The Sixth Sunday after Pentecost – Series C – Luke 9:51-62

 

In the name of Jesus, Amen.

The Journey of Christ, is one defined by long-suffering.

It is not quick, it is not easy, and there are no shortcuts.

For He has set his face towards Jerusalem, and he will endure not only the pain of the cross, but for the entire way he will endure the rejection of the very ones he has come to save.

In the same way, as those baptized into Christ Himself, the Church’s journey is also one defined by long-suffering. Neither is it quick, nor is it always easy, and indeed, there are no short cuts.

The Church, as St. Paul writes, endures all things, believes all things, hopes all things, it is not defined by the moment, but by the constant and unchanging things of eternity.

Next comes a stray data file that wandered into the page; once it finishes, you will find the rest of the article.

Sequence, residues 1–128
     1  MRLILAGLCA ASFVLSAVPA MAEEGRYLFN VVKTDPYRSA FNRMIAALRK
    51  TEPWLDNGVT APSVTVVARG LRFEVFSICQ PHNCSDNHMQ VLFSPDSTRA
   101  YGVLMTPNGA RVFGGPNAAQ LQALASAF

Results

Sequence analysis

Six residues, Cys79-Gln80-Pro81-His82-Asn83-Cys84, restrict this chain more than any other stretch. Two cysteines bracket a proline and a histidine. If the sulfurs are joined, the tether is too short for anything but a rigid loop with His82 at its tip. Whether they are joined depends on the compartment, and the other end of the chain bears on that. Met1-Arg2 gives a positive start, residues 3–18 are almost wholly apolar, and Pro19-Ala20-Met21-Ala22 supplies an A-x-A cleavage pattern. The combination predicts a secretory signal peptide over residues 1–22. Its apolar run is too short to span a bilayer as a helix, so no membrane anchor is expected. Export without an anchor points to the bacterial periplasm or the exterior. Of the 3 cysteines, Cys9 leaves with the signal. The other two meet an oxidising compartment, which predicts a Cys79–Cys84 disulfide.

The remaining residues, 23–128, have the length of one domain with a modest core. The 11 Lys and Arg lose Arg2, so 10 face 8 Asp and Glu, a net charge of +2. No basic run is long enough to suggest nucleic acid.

We have been called to long-suffering, to the road and the journey marked by patience and by endurance, and yet, we are found in a culture of the world, and even a culture of the church, that wants nothing to do with these long, patient and enduring things.

Instead, we are found as a people defined by the moment, those who search out the quickest, easiest, and most painless ways to do anything.

If something doesn’t work we toss it aside and exchange it for something new, we have no desire to see things all the way through, especially if things don’t change very quickly.

And even more than that, if we look to the present culture of Christianity around us, what we find is not so much a voice of comfort reigning us back into the long-suffering road of the Gospel, but rather a culture just as obsessed with constant change and clever short cuts as we are.

We live in an age overrun with Christian bumper stickers.

Now, of course, these things aren’t bad or harmful in themselves, but even simple things, even bumper stickers, have a way of subtly and inadvertently forming us in what we expect of the mission of the church.